3. If a government agency is urging competitors to submit a joint bid or joint development plan — again, outside of a pre-existing joint venture — the participants may request that the agency order the companies to do so.
That way the participants may claim state action immunity in response to any second-guessing by other parties. In a recent example, a public utilities commission urged several investor-owned utilities (“IOUS”) to enter power purchase agreements with the developer of an electric generating plant using cutting-edge, alternative technology. The plant would serve commercial, industrial and residential customers. Before the IOUS could negotiate a commercial arrangement that would involve the sharing of competitively sensitive information among competitors, the public utilities commission had to be requested to provide explicit authorization for the competing parties to share competitively sensitive information and to work together to negotiate a joint development and commercialization agreement. The law on state action immunity has evolved recently so consultation with legal counsel is important to ensure that such agreements pass muster.
4. Set up internal controls that raise red flags any time business interactions with competitors are proposed.
In the absence of an established joint venture or joint bidding arrangement, companies should be very careful in their communications with competitors about their development plans or upcoming auctions. Written communications with competitors, as well as agendas and notes from meetings between competitors, can be easily misconstrued as showing anti-competitive conduct, even when the intent is benign or pro-competitive. Early and consistent involvement of antitrust counsel can greatly reduce the risk of antitrust exposure.
Development projects across the spectrum of energy sectors are enjoying welcome growth spurts. As they move forward, it is important to ensure that antitrust compliance is “baked in” to the business process to avoid unintended violations or business practices that attract enforcement scrutiny. Prompt vetting by counsel can assess the potential antitrust risk and develop guidelines and procedures to avoid or minimize such risk while limiting any burden on business activity.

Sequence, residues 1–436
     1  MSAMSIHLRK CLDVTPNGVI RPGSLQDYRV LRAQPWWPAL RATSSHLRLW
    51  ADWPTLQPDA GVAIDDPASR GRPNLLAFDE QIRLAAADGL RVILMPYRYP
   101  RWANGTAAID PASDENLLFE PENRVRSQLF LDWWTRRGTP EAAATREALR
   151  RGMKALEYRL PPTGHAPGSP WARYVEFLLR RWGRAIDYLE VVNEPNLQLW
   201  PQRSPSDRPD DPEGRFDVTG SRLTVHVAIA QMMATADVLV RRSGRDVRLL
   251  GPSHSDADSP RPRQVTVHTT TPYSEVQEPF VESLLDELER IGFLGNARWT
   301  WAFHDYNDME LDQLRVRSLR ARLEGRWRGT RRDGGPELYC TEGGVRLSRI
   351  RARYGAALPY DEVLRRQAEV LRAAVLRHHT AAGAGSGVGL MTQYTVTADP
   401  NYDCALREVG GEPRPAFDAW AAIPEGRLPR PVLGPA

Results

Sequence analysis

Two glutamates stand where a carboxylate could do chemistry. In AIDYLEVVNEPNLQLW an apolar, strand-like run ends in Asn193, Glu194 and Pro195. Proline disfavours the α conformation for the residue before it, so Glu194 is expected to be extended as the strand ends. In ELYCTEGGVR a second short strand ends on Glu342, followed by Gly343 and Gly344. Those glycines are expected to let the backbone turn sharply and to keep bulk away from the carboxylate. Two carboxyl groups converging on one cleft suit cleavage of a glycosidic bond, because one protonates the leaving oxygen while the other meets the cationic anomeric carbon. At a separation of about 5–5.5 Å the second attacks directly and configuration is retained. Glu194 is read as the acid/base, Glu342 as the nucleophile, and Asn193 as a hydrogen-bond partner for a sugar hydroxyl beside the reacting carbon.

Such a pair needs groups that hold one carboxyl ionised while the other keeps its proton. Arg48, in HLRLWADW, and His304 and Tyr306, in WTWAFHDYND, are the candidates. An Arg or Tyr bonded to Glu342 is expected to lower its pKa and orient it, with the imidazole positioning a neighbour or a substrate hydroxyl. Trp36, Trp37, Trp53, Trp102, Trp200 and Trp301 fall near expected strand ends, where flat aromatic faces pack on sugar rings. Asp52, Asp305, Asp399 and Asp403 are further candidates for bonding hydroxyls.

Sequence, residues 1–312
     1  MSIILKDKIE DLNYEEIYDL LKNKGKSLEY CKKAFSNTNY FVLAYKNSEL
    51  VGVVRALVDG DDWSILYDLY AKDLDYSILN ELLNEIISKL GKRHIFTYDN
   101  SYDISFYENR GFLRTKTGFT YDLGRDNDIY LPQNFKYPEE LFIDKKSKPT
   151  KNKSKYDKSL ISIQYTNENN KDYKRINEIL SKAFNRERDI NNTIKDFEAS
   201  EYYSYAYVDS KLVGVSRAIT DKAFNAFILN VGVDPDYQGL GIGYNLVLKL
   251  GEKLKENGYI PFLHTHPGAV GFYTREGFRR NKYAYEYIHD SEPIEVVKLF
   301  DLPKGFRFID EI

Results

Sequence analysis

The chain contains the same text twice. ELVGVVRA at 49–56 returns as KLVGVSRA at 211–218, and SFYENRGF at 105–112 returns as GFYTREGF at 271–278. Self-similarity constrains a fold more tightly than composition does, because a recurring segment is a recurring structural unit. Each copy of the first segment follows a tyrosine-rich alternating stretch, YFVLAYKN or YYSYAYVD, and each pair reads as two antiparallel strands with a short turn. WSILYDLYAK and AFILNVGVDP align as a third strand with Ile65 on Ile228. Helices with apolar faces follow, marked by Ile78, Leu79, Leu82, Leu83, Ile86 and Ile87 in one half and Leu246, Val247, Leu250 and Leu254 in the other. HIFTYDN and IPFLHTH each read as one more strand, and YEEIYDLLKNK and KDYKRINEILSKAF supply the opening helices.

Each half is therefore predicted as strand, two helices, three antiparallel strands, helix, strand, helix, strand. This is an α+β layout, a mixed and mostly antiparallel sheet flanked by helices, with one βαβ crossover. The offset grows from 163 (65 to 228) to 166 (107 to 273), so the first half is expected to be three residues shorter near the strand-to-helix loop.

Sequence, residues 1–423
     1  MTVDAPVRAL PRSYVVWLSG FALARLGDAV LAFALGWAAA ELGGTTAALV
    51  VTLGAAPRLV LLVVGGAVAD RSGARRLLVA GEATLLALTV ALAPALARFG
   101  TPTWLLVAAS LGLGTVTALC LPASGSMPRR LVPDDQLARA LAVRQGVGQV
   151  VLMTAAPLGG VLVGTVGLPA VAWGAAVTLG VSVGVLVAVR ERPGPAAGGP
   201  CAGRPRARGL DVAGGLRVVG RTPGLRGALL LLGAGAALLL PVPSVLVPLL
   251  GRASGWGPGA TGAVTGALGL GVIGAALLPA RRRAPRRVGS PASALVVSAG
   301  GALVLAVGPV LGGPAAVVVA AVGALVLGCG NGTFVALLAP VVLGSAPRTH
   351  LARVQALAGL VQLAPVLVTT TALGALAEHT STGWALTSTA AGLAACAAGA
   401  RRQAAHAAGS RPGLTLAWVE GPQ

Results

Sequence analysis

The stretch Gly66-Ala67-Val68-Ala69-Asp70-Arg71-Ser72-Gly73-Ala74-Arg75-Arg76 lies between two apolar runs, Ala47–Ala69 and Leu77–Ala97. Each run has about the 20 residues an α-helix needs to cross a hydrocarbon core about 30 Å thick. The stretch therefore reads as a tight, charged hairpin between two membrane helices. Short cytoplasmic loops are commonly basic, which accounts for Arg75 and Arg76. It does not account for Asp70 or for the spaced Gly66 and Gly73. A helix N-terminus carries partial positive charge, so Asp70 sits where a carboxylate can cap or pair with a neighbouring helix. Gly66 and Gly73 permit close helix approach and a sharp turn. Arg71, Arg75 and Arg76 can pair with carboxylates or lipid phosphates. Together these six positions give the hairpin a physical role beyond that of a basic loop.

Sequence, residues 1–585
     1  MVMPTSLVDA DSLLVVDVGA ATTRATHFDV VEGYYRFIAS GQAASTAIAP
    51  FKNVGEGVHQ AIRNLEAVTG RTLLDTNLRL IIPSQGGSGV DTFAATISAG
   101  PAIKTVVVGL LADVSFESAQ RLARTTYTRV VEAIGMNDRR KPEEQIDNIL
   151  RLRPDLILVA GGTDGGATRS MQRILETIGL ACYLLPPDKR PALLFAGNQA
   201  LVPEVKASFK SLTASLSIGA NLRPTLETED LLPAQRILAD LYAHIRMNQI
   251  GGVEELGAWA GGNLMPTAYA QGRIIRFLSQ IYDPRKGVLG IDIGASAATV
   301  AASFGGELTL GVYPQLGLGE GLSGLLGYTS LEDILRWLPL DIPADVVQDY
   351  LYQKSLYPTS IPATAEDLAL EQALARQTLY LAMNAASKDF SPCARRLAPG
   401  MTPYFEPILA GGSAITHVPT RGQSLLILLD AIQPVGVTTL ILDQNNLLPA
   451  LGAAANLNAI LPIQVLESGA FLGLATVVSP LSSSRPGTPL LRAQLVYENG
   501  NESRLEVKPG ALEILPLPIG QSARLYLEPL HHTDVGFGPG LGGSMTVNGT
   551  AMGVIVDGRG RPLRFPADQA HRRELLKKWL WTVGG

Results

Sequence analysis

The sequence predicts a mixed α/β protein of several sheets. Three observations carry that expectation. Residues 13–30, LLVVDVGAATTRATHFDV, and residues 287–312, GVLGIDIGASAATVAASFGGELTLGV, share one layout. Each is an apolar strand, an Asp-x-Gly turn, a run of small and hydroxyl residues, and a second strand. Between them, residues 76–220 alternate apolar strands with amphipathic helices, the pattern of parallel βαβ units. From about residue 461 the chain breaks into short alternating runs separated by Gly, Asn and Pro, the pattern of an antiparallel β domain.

While energy companies are being asked to cut expenses wherever possible and with an increase in new construction, it’s likely that prices of commercial real estate, whether through purchase or lease, will decrease. This creates a prime opportunity for Energy companies that are either trying to find cost savings while operating under a shrinking capital budget by changing address or negotiating lower rates.
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—By Joshua C. Stokes, Mary Anne Mason and Beatrice B. Nguyen, Crowell & Moring LLP
Joshua Stokes is an antitrust partner in Crowell & Moring’s Los Angeles office. Mary Anne Mason is an antitrust partner in the firm's Washington, D.C., office. Beatrice Nguyen is an antitrust partner in the firm's San Francisco office.
The opinions expressed are those of the author(s) and do not necessarily reflect the views of the firm, its clients, or Portfolio Media Inc., or any of its or their respective affiliates. This article is for general information purposes and is not intended to be and should not be taken as legal advice.
This article has been republished in full and is courtesy of Law360. For the latest breaking news and analysis on energy industry legal issues, visit Law360 today.